brighter every day and this city will
surely have a orackerjack aggregation
of leather chasers in the race for the
A team of locals is to be organized
Sunday evening whioh will be strength-
ened by enough outside talent to make
it a formidable opponent to any team.
Noyes oung Hackett Bulger Mark-
ley and Johnson have signified their
willingness to ply with the team
which is to take the nme of a' large
business house that has a national
Their idea as far as can be learned
is to lay out a park on the line of the
Mag ffin avenue street cars that will
be accessible to the public. This
should prove a good move in the inter-
est of the game as two clubs would not
be too many for a city of ours'ze.
Tucson opens its season tomorrow
with a gam3 with the uoivarslty boys
fact that proves conclusively that
they have no intentions of gt-ulngleft
on account of a late start.
The Phoeuix high school bjys are
organizing clubs and will challenge
aay other school team. What is the
muter with- El Paso's high school
cadets? Their opportunities for dis-
tinction oa the diamond never were
better and a litt'.e energy on their pirt
would bring: this city to the front it
every line of honest healthful sport.
Wka up boys! Dm't 1; El Paso
bring up the rear.
The colts were out this afternooi o"i
the Santa Fs siredt praetica grounds
aal showed up in reraii-iabli form
much lmprovem iai bsia? niticai
every day. What an infield Bolger
Mirkley Irvia and Jaioby would
make: Oa Sioday April 8ta. tiev ex-
pest to opan tha praetic-3 season with
le Deming team. Tnat sh jull ba a
3d hot old bttls for a start3r taa
windmill city" b3ys having admin
istered a dose of defsaS to their old
rivals of Silver City by th3 one sided
score of 15-3 only a week ago.
Sullivan Shiuers ail Bjljr ara
no v caaildates to.' tii3 initial sa-2k
gaardianihlp. Wjbbsr Mrklay aal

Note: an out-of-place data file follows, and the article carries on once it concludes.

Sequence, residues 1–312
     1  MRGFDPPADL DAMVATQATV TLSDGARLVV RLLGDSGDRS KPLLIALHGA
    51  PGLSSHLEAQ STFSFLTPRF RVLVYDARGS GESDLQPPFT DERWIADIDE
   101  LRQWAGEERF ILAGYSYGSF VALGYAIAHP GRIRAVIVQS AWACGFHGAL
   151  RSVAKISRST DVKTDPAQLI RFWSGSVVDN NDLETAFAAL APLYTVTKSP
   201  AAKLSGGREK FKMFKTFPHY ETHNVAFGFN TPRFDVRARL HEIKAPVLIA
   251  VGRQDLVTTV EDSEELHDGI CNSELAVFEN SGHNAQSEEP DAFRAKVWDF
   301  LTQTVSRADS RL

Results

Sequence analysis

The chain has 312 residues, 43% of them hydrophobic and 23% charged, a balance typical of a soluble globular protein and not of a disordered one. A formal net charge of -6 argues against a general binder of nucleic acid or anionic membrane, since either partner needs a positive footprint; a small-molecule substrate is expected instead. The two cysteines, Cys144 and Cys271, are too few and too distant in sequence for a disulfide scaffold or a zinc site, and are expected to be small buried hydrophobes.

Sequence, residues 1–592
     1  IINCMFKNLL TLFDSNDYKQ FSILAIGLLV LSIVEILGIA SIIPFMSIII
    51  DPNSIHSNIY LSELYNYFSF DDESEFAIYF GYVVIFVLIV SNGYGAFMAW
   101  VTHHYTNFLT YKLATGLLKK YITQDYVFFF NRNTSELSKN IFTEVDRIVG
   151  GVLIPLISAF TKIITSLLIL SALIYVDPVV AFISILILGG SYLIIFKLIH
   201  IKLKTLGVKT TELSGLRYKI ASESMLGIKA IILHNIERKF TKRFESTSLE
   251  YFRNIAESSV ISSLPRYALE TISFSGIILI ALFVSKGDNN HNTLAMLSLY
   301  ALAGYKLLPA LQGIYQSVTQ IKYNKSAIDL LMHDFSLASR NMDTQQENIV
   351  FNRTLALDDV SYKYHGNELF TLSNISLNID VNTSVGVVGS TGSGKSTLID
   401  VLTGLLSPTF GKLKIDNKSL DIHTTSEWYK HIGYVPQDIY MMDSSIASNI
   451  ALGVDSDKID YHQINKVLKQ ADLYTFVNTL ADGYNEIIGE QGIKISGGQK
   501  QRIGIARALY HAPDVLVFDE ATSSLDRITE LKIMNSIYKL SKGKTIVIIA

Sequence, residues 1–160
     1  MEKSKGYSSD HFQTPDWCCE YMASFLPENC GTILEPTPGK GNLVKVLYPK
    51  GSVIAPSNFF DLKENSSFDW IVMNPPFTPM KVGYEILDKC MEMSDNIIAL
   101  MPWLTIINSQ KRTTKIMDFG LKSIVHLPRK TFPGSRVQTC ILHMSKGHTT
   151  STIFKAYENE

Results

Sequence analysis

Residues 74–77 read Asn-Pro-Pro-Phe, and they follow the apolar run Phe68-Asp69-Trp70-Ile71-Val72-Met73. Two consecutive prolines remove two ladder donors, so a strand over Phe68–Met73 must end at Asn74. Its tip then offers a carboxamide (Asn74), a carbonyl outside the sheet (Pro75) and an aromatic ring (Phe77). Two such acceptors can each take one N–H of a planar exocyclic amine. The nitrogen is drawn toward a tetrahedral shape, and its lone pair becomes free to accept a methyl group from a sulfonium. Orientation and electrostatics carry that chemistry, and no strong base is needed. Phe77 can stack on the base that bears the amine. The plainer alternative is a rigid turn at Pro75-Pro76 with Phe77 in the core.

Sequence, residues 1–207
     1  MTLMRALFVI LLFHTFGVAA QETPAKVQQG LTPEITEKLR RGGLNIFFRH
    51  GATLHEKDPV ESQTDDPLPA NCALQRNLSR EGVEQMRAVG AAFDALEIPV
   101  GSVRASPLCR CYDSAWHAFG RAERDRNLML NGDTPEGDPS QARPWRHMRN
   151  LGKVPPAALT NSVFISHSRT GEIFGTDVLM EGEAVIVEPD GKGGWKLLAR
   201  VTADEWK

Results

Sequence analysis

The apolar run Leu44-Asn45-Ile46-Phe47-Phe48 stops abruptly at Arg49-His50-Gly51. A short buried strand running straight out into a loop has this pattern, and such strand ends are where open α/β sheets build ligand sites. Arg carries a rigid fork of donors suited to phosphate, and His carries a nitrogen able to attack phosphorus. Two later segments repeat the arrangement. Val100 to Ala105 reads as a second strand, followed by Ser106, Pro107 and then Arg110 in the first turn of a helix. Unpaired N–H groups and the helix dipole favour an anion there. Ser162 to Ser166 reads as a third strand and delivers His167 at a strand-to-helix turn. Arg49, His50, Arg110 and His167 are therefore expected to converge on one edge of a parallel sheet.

Njyes will handle the pal and mask.
Young Walsh and Waldman are so far
tha only candidate! for the pitching
6taff though Marklev is a twlrler of
no ire&n ability. Outfielders? Why
thare are adozsa and no fault to find
with any of them.
Soma employer of E. Paso oould
assist the base ball bxta by engaging
good player who cai prove his worth.
off as well as on the diamond. A
eobir industrious aid c-jascieailous
worker who Is aa expert ball player
would like a situatloa here.
Everyone bj at tho grounds Sunday
nd watch the boys at prast'c-!
The Interest in the contest for the
Hervld championship pennact In-
rjase daily aal .tha Herald hooes
to publish oeford rut ay days tha list of
all the cluos entered for the south-
westera clnm jionahip g ru is. ft will
beagraodoll strangle fr-ojj stirt to
finish and provide grca base ball to
the lovers of the gams.
Our neighbor Doming wi I undoubt-
edly be in the field for championship
honors as Manager Clarke hai u team
capable of holding Its own wlib any of
them. He 9ays in his lett?r:
Demi no N. M. Ma -oh 27 li00.
Mgr. Ussald Champousbip Base Bail
tournament Hekald oiiice hll
Dear Sir: Replying to your favor of
tho 21t ins. would say that if you
w.ll send ma a copy of paper contain-
ing conditions of the championship
raia 1 will then let you know at once
whet her cr not we wi-jh t eater.
K. G. Clarke.
Mjr. Demtoir Mine Hall Club.
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Slater, H. D. El Paso Daily Herald. (El Paso, Tex.), Vol. 20TH YEAR, No. 74, Ed. 1 Friday, March 30, 1900, newspaper, March 30, 1900; El Paso, Texas. (https://texashistory.unt.edu/ark:/67531/metapth297377/m1/1/: accessed June 26, 2019), University of North Texas Libraries, The Portal to Texas History, https://texashistory.unt.edu; .